He recalls that his wife, Virginia - now Baroness - Bottomley, was the ninth-ever woman to hold a Cabinet role, and that when she was elected in 1984, just over 20 MPs were women.

More needs to be done though, in and out of Parliament, he says. “I don't think we can yet answer the question, when will the colour of my skin be as important as the colour of my eyes or the colour of my hair? Something you may notice but doesn't tell you any more about you.”

He cites the case of Gurpal Virdi, a former Metropolitan police officer who was falsely accused by his own force of racism during the fallout of the bungled Lawrence case.

Years later the Met wrongly accused Mr Virdi of assault on a prisoner, which Sir Peter has said was retaliation for winning two employment tribunals. Sir Peter claims Mr Virdi's treatment is “linked to the fact he’s Sikh, Asian by heritage”.

Sir Peter has been fighting for the government to launch an inquiry into Mr Virdi's case and says: “If anything justifies an investigation, that does. And it’s going to come one way or another.”

“Politics is the art and effort of making possible things which are right," he says.

What drives him?  Sir Peter says he has “a sensitivity to personal heartbreak” after his teenage brother, Robert, died after a school trip accident. Sir Peter was 15 at the time, and the memory fills him with emotion.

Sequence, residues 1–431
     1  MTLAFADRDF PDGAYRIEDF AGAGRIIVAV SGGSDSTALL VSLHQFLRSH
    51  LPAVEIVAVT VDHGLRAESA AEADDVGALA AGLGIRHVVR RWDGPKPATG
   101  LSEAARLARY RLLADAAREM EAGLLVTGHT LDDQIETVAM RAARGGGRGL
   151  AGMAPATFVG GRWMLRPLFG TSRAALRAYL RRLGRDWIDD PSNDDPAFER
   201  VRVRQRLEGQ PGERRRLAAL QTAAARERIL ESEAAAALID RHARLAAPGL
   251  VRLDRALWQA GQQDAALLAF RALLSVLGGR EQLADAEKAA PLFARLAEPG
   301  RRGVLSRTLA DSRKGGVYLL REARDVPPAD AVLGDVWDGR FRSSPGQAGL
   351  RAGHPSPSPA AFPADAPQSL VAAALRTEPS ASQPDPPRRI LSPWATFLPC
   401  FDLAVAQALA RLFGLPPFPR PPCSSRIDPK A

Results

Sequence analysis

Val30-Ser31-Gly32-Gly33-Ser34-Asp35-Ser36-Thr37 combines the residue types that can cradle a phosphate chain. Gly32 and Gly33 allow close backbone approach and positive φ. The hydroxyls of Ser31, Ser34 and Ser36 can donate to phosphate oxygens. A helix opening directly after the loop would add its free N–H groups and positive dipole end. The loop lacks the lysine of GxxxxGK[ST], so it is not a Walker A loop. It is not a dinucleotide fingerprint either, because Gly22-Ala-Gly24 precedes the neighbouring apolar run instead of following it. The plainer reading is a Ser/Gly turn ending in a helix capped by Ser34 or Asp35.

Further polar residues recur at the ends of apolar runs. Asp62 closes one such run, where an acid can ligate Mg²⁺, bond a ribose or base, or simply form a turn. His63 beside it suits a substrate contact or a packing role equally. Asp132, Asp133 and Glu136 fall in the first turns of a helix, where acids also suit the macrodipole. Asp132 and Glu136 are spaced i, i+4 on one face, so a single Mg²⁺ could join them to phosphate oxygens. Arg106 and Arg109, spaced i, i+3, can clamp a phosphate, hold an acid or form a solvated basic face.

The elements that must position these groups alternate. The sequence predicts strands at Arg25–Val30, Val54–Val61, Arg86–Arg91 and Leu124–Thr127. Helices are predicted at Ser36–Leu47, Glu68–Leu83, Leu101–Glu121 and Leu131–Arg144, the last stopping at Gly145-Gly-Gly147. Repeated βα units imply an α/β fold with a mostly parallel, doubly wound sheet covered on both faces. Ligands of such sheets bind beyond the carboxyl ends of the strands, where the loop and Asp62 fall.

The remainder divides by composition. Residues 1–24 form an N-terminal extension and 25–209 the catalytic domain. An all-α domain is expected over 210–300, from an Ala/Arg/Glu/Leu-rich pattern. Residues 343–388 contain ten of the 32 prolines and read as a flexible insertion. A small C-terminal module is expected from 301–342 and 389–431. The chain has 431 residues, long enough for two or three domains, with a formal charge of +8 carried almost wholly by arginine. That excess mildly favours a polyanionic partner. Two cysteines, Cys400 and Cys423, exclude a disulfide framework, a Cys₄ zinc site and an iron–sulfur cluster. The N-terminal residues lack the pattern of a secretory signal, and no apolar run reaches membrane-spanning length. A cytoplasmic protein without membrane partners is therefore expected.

His grandparents and parents took refugees from Russia and Hungary into their homes. He and his wife have taken Ugandan Asians and a Zimbabwean refugee into theirs.

“You get life by giving, not earning," he says.

Sir Peter recalls his “odd early life” living in South Africa until he was six and changing schools multiple times. 

He went on to study at Cambridge University, where he got a third, something he recalls with glee: “My supervisor got the Nobel Prize. I went to see him and he said: ‘You are the most disgracefully lazy, stupid and useless undergraduate – I congratulate you.’ ”

In his teens and 20s he did manual jobs including driving an ice cream van, working at fun fairs and being involved in trade unions - “I could guide you round a steel works”. He spent his early days in Parliament rebelling against the government until Margaret Thatcher gave him a job as an employment minister.

“I didn't want to be a minister” he says. “I did nothing to make it likely. I voted against the government more often than anyone else in three-line whips, I told people what I thought.”

It is the advice he gives the current intake of MPs: “Hear what your whips are saying. Don’t necessarily think you have to do what they say”.

The Father of the House rejects the suggestion the last Parliament was broken, pointing at cross-party achievement in FOBT legislation. He makes the comparison with his children going out in the world: “Are they perfect? Who knows, but they’re pretty good. And we ought to be able to say of each Parliament - are we perfect? No. But let’s be pretty good.”

Looking ahead to next year he says: “You want to look with affection to the past, with admiration to the present and with confidence to the future. And I think with this new Parliament we can do all of those.”